DAVE: At the same time, these are people Burt and Verona have had longtime relationships with, so we had to make them appealing in some way or the other. We had to take them down a couple notches from caricature, make them humans. The Continuum Method is something where L.N. and Roderick represent an extreme. I’m sure there are rational people who practice Continuum, but we wanted L.N. and Roderick to be annoying about it. In all cases, the idea was to make them three-dimensional characters, but also people who are capable of some pretty bad behavior.
VENDELA: I think one of the challenges of being a parent is—
DAVE: …is trying not to say “one of the challenges of being a parent.”
DAVE: Sorry. Go on.
VENDELA: You’re constantly questioning your ideas about how to raise your children – especially as they enter each new stage. We have two kids now and we even had different birth experiences with each of them. With our second baby, our son, we had a natural birth, with a doula and midwife, at a birthing center—it was a great experience and much closer to the type of birth L.N. and Roderick would advocate.
DAVE: It’s funny, because we don’t really agree with everything Burt and Verona stand for. Especially Burt. One scene that got cut from the movie has Burt with Verona at the doctor’s office. And he’s acting like he knows what he’s doing, because he’s gone to some pregnancy websites and he knows which end of the stethoscope to listen to. So when he says that doulas and midwives are just for clueless husbands, it’s supposed to be sort of a statement about his ignorance. He was actually more of a doofus in the first few drafts.
Had you thought about different theories of child psychologists?
DAVE: Not so much. And I don’t know if there is a theory for Lily. Is there is a child psychologist who advocates for kids’ constant exposure to their parents’ dark secrets?
I’m sure there is some place.
DAVE: None of characters are tied to any specific theories, but I suspect people will recognize that they know a Lily or they know a Roderick and L.N.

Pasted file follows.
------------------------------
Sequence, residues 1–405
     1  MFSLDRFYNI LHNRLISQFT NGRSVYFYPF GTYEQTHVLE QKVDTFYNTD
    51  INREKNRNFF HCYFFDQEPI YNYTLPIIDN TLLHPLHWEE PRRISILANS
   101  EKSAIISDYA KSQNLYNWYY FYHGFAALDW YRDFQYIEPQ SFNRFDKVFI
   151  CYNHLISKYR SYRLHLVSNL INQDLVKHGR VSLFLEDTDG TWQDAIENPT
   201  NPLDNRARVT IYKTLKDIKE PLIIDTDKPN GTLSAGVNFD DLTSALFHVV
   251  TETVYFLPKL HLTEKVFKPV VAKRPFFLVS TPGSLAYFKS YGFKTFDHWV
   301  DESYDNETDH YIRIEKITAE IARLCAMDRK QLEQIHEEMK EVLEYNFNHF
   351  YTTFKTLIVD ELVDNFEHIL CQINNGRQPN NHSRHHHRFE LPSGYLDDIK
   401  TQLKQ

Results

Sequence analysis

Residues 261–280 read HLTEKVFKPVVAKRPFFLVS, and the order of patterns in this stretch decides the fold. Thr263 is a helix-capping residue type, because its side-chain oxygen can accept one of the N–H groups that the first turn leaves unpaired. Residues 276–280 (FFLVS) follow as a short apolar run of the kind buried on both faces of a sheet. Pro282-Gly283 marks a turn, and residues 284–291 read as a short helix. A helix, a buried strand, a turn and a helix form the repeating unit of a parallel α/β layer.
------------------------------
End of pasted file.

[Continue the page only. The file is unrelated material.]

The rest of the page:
Formally the film has the shape of a quest, but at the same time, you could read the film as an essay in which the couple explores a theme, trying out one idea before moving on to the next.
VENDELA: Sort of.
DAVE: We actually made an effort to keep the film from being pedantic––“Don’t do this, don’t do that.” You look at Burt and Verona and you know they’re not some master theorists who know exactly what’s right. For them it’s more a gut thing––“That looks a little bit odd, maybe that’s not what we want.” But I think everyone does that. It’s a time when you look back at your own childhood, and you look at what you want to replicate and what you want to improve upon.
The theme about how to raise your children seems timeless. Were their stories, dramas, or other films that inspired you?
DAVE: Rocky Horror.
VENDELA: A timeless family story.
DAVE: Blazing Saddles. Saw.
VENDELA: All of the Saw movies. We went back to those again and again.
VENDELA: We were thinking in terms of comedies, watching a lot of Hal Ashby. So I can’t say there were a lot of other movies on the same topic that were instrumental to us. The mood and pace were more important to us than the idea of child rearing.
DAVE: With Ashby’s work, we looked at the way the fabric of the society at the time was so deeply woven into the story. He wasn’t afraid to make a movie seem like it was made at the time. Shampoo is about this hairdresser, but the political context is so prominent, too. So often in the 90s they seemed to scrub all that stuff clean so everything looks kind of generic.
Were there specific Ashby movies that spoke to you?
DAVE: We rediscovered a movie called The Landlord. It didn’t get much of wide release, but we thought it was sort of brilliant. And I’ve always loved Being There and The Last Detail. And Shampoo. And there were the movies of Bill Forsyth, like Local Hero, that I grew up with. I think I’ve seen that movie about thirty times. Those two guys [Forsyth and Ashby] were so smart and had such a charm to their work––you wanted to live in those movies. But they also, especially Ashby, had a lot of bite. Harold and Maude was very surreal in some ways, and in the wrong hands it would have become some horrible high-concept movie, but Ashby made it feel very human and believable.
Many of those seventies movies had a real sense of actual American place in them.
DAVE: That’s something we love about those ‘70s movies. Also the sense that tonal shifts could happen and it would be okay, it would be allowed. Dog Day Afternoon is one of my favorite movies, and that has everything: broad comedy, surreality, violence, social commentary—and it’s all based on a true story.